→ 23
22. Perianth tube not shallow, 6–20 mm, frequently equaling or exceeding limb lobes (6–22 mm); filaments inserted near perianth tube base to ca. mid tube (inserted at 2 levels in A. palmeri, mid-tube and near rim, inserted near rim in A. phillipsiana); limb lobes erect to erect-ascending, unequal, persistent and often leathery during and after anthesis; flowers 3.5–8.6 cm.
→ 24
23. Leaves (20–)25–70 × 4.5–10 cm, widest at base, marginal teeth weakly attached; limb lobes 13–20 mm; s California, sw Arizona.
A. deserti
23. Leaves 17.5–40 × 2.8–5 cm, broadest at middle, marginal teeth firmly attached; limb lobes 11–13 mm; wc Arizona.
A. mckelveyana
24. Perianth uniformly golden yellow; leaf margins armed with teeth 4–10 mm, (0.8–)1–3(–4) cm apart, interstitial teeth (0–)1–3(–5) on distal 2/3 of margins; c, se Arizona.
A. chrysantha
24. Perianth greenish cream to cream to pale yellow or light green, apex of limb lobes and filaments flushed with maroon; leaf margins armed with teeth 3–7 mm, 0.2–2.5 cm apart, interstitial teeth (2–)3–12 on distal 2/3 of margins; Arizona, sw New Mexico.
→ 25
25. Leaves erect or erect-ascending, blade glaucous-gray to -bluish, margins armed, interstitial teeth (3–)6–12 on distal 2/3, apex conspicuously incurved; filaments inserted at 1 level ca. mid perianth tube; c Arizona.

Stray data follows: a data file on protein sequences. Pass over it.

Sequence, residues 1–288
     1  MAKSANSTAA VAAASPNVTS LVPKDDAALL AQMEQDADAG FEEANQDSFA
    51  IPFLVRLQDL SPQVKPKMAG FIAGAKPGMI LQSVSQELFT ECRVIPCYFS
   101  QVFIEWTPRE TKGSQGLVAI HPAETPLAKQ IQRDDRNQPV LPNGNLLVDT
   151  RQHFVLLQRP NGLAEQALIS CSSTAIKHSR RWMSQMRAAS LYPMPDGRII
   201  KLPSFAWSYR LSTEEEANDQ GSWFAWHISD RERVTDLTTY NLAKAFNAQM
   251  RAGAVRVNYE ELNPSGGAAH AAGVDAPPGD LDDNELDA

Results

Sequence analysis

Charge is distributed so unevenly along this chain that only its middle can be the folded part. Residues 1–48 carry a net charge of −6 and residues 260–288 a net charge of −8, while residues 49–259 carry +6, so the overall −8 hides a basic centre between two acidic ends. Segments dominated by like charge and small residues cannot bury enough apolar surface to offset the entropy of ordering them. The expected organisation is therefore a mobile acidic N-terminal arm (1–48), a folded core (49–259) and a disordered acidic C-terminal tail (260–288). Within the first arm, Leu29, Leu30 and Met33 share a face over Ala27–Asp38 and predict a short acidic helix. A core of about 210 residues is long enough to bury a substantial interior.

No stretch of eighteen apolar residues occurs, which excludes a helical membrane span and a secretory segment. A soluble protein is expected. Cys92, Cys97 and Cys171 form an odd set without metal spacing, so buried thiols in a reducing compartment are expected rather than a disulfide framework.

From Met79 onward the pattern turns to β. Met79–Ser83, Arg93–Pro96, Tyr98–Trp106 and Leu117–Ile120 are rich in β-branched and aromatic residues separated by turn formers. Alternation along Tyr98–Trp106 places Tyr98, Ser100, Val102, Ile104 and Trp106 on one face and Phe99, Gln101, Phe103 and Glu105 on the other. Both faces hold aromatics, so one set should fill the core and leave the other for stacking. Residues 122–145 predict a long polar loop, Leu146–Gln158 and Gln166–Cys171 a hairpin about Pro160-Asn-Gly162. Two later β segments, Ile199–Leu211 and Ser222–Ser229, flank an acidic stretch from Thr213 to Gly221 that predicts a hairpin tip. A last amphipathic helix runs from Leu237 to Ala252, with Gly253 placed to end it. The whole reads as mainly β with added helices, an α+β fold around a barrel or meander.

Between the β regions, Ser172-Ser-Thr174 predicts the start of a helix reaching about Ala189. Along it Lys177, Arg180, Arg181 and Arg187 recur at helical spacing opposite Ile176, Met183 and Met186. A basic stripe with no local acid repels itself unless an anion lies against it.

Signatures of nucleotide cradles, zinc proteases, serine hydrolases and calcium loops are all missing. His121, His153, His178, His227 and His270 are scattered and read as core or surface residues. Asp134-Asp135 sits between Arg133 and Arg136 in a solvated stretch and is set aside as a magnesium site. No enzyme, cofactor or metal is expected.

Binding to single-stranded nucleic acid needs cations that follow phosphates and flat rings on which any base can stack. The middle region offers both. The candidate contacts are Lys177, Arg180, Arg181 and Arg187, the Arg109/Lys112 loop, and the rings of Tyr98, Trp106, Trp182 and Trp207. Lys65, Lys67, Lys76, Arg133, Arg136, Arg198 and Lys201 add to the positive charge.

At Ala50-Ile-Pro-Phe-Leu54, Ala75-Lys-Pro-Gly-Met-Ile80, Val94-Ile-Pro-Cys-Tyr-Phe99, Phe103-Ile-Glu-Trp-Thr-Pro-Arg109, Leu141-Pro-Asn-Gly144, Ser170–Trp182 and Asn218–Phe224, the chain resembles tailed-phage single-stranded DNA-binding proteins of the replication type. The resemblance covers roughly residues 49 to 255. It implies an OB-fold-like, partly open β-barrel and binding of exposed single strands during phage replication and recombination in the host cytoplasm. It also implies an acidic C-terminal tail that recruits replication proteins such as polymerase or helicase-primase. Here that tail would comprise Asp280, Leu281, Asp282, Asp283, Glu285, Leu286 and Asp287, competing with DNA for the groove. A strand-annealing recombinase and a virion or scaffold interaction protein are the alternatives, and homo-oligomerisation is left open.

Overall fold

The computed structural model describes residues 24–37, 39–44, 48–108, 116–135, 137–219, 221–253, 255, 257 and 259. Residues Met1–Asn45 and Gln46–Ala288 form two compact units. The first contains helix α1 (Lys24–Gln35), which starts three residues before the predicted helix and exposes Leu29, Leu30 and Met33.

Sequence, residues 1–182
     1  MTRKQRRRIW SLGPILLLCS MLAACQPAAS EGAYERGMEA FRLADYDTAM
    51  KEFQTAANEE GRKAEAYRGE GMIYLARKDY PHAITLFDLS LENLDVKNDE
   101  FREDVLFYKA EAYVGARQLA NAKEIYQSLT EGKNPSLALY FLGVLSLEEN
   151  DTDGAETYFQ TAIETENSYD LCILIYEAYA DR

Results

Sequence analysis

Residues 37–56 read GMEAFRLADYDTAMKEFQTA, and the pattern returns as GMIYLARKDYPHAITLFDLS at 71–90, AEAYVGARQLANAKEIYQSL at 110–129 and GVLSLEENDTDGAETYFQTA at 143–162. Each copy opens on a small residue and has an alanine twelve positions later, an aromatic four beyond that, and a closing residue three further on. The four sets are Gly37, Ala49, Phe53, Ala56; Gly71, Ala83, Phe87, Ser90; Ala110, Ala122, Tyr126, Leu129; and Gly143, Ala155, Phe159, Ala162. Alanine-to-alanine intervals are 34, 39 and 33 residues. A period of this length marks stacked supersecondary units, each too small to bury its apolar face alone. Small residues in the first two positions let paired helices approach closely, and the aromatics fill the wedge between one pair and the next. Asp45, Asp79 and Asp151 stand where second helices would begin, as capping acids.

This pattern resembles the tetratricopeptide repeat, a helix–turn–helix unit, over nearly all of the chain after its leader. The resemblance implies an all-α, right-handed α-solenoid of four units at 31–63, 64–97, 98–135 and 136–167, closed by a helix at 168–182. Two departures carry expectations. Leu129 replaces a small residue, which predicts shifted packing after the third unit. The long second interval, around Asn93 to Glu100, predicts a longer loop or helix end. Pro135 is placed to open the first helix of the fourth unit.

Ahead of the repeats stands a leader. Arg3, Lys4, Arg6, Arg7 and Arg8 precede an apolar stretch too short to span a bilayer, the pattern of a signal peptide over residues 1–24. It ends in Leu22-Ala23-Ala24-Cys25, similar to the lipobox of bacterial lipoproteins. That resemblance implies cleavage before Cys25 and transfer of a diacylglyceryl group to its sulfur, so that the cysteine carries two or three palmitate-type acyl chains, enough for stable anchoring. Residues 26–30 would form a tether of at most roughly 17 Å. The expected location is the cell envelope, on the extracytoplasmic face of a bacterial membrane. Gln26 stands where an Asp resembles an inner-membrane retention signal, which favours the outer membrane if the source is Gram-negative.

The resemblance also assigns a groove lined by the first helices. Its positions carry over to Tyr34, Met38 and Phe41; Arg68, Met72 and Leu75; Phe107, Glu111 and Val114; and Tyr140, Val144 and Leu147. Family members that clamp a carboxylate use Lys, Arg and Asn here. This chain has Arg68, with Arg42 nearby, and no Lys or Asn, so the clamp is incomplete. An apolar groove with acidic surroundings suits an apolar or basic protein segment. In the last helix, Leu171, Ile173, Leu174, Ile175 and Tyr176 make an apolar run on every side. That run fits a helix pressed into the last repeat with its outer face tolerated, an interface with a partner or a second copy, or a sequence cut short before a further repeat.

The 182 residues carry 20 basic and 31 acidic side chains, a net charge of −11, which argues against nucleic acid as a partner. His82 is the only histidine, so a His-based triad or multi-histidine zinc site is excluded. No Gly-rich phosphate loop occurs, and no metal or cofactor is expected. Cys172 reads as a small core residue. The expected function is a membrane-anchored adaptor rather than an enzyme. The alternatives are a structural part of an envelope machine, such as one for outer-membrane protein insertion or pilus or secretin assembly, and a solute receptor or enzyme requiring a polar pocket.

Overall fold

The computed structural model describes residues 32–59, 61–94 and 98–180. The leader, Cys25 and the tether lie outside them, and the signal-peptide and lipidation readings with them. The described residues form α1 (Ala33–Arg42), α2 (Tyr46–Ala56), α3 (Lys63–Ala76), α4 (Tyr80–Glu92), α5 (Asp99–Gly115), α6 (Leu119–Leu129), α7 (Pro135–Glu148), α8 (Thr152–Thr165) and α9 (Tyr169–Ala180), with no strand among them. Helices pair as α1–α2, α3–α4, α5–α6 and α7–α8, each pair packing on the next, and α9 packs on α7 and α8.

A. delamateri
25. Leaves ascending to spreading, blade variously colored, margins armed, interstitial teeth (2–)3–7 on distal 2/3 of margins, apex not conspicuously incurved; filaments inserted at 2 levels or subequally on perianth tube; Arizona, New Mexico.
→ 26
26. Flowers 4.5–7.5 cm; limb lobes (6–)9–18 mm; filaments inserted at 2 levels on perianth tube; scape (1.7–)4–6.5(–7.2) m; leaf margins armed with firmly attached teeth (0.5–)1–2 cm apart; rosettes solitary; plants rarely suckering; se Arizona, sw New Mexico.
A. palmeri
26. Flowers 7.4–8.6 cm; limb lobes 15–22 mm; filaments inserted subequally below rim of tube; scape 2.7–5.5 m; leaf margins armed with brittle teeth, 1–2.5 cm apart; rosettes solitary or cespitose; plants freely suckering; nc Arizona.
A. phillipsiana
Source FNA vol. 26, p. 452. FNA vol. 26, p. 442. Authors: James L. Reveal, Wendy C. Hodgson.
Parent taxa Agavaceae > Agave Agavaceae
Sibling taxa
A. asperrima, A. chrysantha, A. decipiens, A. delamateri, A. deserti, A. desmettiana, A. gracilipes, A. havardiana, A. lechuguilla, A. mckelveyana, A. murpheyi, A. neglecta, A. palmeri, A. parryi, A. parviflora, A. phillipsiana, A. schottii, A. shawii, A. sisalana, A. toumeyana, A. univittata, A. utahensis, A. weberi, A. ×ajoensis, A. ×arizonica, A. ×glomeruliflora
Subordinate taxa
A. americana subsp. americana, A. americana subsp. protamericana
A. americana, A. asperrima, A. chrysantha, A. decipiens, A. delamateri, A. deserti, A. desmettiana, A. gracilipes, A. havardiana, A. lechuguilla, A. mckelveyana, A. murpheyi, A. neglecta, A. palmeri, A. parryi, A. parviflora, A. phillipsiana, A. schottii, A. shawii, A. sisalana, A. toumeyana, A. univittata, A. utahensis, A. weberi, A. ×ajoensis, A. ×arizonica, A. ×glomeruliflora
Name authority Linnaeus: Sp. Pl. 1: 323. (1753) Linnaeus: Sp. Pl. 1: 323. (1753): Gen. Pl. ed. 5, 150. (1754)